In the city the population is spread out with 26.5% under the age of 18, 6.4% from 18 to 24, 21.5% from 25 to 44, 29.4% from 45 to 64, and 16.2% who are 65 years of age or older. The median age is 43 years. For every 100 females there were 93.1 males. For every 100 females age 18 and over, there were 89.1 males.

The median income for a household in the city was $147,267, and the median income for a family was $155,708. Males had a median income of $98,928 versus $51,853 for females. The per capita income for the city was $59,150. About 3.7% of families and 5.0% of the population were below the poverty line, including 4.8% of those under age 18 and 3.0% of those age 65 or over. The vast majority, 69.7% of persons, had a Bachelor's degree or higher, compared to 27.2% at the national average.[24]

Zoning

The city is divided into seven zones, based on minimum lot size. The smallest lot size is about 4,500 square feet, with many averaging over 30,000 square feet. Because of this and other factors, most of the homes in San Marino, built between 1920 and 1950, do not resemble the houses in surrounding Southern California neighborhoods (with the exception, perhaps, of neighboring portions of Pasadena). San Marino has also fostered a sense of historic preservation among its homeowners. With minor exceptions, the city's strict design review and zoning laws have thus far prevented the development of large homes found elsewhere in Los Angeles. No apartment buildings exist in the city. [citation needed]

San Marino is located at 34°7′22″N 118°6′47″W / 34.12278°N 118.11306°W / 34.12278; -118.11306Invalid arguments have been passed to the ((#coordinates:)) function (34.122658, -118.112964).Template:GR

According to the United States Census Bureau, the city has a total area of 3.8 mi² (9.8 km²), all land.

San Marino is highly restrictive of commercial operations in the city. It is one of the few cities that requires commercial vehicles to have permits to work in the City.

Schools

On September 9, 191, the first San Marino school was opened at the corner of Monterey Road, (then called Calle de Lopez) and Oak Knoll, in what was known as the Old Mayberry Home. There were three teachers and thirty-five pupils, grades kindergarten through the eighth; High School students attended South Pasadena High until San Marino High School was founded in 1955 after 50 years of utilizing South Pasadena High School in nearby South Pasadena. San Marino High School graduated its first class in 1956. The High School nickname, "The Titans," comes from Mt. Titano, in the Republic of San Marino. [25]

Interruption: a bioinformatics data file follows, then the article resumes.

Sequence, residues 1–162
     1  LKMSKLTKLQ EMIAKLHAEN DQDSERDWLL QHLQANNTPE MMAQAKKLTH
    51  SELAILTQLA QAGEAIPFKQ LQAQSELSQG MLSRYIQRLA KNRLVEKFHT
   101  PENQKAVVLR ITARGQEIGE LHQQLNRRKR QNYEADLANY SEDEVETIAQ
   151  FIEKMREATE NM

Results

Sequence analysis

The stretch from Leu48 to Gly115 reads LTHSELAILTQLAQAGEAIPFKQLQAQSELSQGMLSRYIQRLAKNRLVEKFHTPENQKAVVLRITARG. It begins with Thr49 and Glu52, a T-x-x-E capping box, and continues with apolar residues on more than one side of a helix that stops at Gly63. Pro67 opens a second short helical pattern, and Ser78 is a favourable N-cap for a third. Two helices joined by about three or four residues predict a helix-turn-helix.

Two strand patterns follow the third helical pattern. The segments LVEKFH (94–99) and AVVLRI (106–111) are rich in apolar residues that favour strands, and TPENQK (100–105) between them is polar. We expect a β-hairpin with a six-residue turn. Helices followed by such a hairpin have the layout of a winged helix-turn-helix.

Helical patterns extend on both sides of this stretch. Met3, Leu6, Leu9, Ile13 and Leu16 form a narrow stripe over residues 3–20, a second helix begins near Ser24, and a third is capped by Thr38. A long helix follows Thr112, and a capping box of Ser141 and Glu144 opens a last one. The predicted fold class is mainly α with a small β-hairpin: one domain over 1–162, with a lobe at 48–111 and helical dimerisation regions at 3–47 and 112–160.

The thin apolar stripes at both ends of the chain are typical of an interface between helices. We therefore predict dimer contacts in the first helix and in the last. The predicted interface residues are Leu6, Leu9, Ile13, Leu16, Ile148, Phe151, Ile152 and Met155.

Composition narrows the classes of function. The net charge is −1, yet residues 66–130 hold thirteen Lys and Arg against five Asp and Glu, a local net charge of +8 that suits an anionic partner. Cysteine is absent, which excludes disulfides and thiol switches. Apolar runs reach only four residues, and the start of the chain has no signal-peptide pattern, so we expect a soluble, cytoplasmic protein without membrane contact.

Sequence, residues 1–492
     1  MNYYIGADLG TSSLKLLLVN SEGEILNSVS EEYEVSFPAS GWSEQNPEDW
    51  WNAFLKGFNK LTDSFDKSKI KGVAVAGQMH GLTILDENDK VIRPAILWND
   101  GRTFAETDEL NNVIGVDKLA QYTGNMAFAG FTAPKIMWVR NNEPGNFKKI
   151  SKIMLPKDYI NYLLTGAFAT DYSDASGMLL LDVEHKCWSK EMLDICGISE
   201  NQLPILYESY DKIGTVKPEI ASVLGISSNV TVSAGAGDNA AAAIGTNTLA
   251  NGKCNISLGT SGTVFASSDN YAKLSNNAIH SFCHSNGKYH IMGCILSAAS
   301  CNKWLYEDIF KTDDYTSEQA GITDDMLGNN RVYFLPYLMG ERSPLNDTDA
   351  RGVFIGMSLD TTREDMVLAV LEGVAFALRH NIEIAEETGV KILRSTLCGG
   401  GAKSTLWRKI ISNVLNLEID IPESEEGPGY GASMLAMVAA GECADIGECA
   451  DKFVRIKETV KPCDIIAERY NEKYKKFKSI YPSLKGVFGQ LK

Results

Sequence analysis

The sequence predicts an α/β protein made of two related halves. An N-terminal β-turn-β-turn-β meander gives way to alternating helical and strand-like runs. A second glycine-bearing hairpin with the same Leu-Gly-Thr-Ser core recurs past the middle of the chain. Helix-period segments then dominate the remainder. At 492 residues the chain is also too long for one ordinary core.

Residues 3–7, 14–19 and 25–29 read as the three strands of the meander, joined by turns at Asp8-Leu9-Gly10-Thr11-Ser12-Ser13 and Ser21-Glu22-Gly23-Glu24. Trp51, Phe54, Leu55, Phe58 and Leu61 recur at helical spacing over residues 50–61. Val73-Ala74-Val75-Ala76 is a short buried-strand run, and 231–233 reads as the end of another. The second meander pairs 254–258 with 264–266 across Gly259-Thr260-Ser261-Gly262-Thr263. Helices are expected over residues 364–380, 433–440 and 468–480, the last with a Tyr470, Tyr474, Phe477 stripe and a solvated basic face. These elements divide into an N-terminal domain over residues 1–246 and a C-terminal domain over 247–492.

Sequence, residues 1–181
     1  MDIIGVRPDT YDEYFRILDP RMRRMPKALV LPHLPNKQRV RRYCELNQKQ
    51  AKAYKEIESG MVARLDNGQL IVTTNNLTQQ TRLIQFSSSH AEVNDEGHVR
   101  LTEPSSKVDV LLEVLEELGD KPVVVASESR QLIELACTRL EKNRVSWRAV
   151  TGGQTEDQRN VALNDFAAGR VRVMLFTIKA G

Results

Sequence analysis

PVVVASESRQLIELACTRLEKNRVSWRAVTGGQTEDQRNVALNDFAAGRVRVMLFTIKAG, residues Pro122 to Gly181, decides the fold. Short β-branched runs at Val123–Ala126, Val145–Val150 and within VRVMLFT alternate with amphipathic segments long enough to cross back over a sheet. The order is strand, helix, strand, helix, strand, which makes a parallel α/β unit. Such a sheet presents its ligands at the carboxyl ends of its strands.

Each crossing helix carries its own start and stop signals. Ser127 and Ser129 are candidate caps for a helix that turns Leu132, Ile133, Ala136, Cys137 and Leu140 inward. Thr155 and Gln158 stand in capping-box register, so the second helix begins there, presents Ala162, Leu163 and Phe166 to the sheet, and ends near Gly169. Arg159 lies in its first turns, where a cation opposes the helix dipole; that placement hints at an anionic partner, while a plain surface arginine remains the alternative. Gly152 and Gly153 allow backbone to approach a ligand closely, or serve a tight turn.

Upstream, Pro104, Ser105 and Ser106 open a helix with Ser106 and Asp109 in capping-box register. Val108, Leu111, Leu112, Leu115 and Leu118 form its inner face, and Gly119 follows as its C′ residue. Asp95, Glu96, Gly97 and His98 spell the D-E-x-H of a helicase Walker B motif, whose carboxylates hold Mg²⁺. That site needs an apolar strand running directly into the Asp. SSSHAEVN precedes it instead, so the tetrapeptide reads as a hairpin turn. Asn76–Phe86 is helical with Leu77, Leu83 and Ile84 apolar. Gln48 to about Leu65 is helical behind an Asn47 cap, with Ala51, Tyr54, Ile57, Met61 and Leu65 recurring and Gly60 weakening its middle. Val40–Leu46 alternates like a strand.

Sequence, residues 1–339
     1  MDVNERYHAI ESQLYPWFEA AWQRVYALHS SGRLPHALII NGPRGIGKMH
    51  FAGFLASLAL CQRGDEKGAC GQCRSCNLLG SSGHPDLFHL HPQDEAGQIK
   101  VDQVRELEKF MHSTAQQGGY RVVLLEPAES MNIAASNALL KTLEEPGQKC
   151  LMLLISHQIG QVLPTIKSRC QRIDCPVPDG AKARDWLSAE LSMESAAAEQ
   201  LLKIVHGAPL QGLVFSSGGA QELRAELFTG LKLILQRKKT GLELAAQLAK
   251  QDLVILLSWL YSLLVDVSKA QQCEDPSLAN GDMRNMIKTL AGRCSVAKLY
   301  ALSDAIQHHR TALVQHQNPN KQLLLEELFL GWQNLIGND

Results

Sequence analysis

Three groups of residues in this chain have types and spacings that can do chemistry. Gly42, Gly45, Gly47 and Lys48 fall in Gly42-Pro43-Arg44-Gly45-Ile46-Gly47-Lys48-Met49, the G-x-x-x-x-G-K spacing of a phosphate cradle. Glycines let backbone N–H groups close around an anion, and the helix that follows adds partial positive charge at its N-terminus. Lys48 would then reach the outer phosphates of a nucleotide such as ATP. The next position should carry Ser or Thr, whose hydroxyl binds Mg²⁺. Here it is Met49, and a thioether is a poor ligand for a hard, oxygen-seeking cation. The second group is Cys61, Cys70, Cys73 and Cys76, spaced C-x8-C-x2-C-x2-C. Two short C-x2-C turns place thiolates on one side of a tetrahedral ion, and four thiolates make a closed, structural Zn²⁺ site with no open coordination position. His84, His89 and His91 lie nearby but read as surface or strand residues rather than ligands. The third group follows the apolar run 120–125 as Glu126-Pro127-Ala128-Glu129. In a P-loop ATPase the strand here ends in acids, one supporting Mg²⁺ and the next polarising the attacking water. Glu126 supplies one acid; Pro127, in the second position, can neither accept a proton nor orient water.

San Marino High School is situated on the former site of Carver Elementary School. In 1996, the high school reconstruction was begun and the school is now equipped with new laboratories, classrooms, and ethernet connections, supported mainlyly by bond issues and rigorous fund-raising by the San Marino Schools Endowment. The new buildings include a brand new cafeteria, orchestra and band room, dance studio, journalism lab, and renovated auditoriums, as well as a renovated baseball field and a brand new football field/track.[26]

San Marino High School is part of the San Marino Unified School District. Its public funding is supplemented by private donations raised through the San Marino Schools Endowment Foundation. Each year, the Foundation raises funds necessary to balance the District’s budget. To date, the San Marino Schools Foundation has contributed $18,268,485 to our schools since their inception in March 1980.[26]

As of the 2009 Academic Performance Index, API school reports, the San Marino Unified School District is the top performing school district in California. [27] Its high school consistently ranks as one of the highest API scores among public high schools in California. Each of its public primary schools have been honored as a California Distinguished School and the United States National Blue Ribbon School.[28]

There are four public schools in San Marino Unified School District:

The two elementary schools offer instruction for grades K-5, the middle school for grades 6-8 and the high school for grades 9-12. The middle school was named Henry E. Huntington School, after San Marino’s “first citizen.”[26] In 1953, a new K. L. Carver Elementary was completed at its current location on San Gabriel Boulevard and was named after a school board member of 19 years – K. L. Carver. [26][29] Stoneman Elementary School, named for Governor George Stoneman, who had resided in San Marino, is no longer used for instruction by San Marino School District. The former school is now leased by the San Marino City Recreation Department and houses San Marino Unified School District special education staff. [26]

Six consecutive years, 2004, through 2009, the San Marino Unified School District ranked first among all 328 California unified school districts based on the California Academic Performance Index. San Marino High School is considered one of the best-performing public schools on Standardized Achievement Tests in Southern California. It was also named a National Blue Ribbon School in 2006. Some of San Marino's schools' funding comes from private donors and organizations. [26] In November 2007, San Marino High School was ranked 82nd on a list of the best high school in the nation, according to U.S. News & World Report.[30]

Private schools

City services